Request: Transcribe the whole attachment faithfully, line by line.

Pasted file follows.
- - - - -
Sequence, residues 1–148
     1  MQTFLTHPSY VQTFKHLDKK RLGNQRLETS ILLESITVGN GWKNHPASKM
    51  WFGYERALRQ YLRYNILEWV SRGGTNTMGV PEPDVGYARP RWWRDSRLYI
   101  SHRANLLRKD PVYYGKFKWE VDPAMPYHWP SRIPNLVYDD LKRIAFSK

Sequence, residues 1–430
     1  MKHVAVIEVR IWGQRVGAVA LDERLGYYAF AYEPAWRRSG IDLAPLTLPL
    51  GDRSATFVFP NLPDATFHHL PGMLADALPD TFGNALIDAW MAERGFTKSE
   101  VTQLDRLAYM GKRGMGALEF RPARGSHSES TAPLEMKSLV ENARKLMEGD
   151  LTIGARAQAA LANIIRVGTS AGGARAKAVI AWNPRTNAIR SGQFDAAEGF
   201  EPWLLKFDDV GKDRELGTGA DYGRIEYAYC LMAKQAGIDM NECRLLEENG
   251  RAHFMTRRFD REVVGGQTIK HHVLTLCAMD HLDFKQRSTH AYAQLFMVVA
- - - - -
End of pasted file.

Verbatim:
Sequence, residues 1–148
     1  MQTFLTHPSY VQTFKHLDKK RLGNQRLETS ILLESITVGN GWKNHPASKM
    51  WFGYERALRQ YLRYNILEWV SRGGTNTMGV PEPDVGYARP RWWRDSRLYI
   101  SHRANLLRKD PVYYGKFKWE VDPAMPYHWP SRIPNLVYDD LKRIAFSK

Sequence, residues 1–430
     1  MKHVAVIEVR IWGQRVGAVA LDERLGYYAF AYEPAWRRSG IDLAPLTLPL
    51  GDRSATFVFP NLPDATFHHL PGMLADALPD TFGNALIDAW MAERGFTKSE
   101  VTQLDRLAYM GKRGMGALEF RPARGSHSES TAPLEMKSLV ENARKLMEGD
   151  LTIGARAQAA LANIIRVGTS AGGARAKAVI AWNPRTNAIR SGQFDAAEGF
   201  EPWLLKFDDV GKDRELGTGA DYGRIEYAYC LMAKQAGIDM NECRLLEENG
   251  RAHFMTRRFD REVVGGQTIK HHVLTLCAMD HLDFKQRSTH AYAQLFMVVA